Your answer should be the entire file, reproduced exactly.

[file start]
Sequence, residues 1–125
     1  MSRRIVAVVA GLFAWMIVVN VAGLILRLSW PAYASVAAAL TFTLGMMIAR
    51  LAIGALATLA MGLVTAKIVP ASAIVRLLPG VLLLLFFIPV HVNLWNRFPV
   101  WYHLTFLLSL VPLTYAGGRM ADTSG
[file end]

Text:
Sequence, residues 1–125
     1  MSRRIVAVVA GLFAWMIVVN VAGLILRLSW PAYASVAAAL TFTLGMMIAR
    51  LAIGALATLA MGLVTAKIVP ASAIVRLLPG VLLLLFFIPV HVNLWNRFPV
   101  WYHLTFLLSL VPLTYAGGRM ADTSG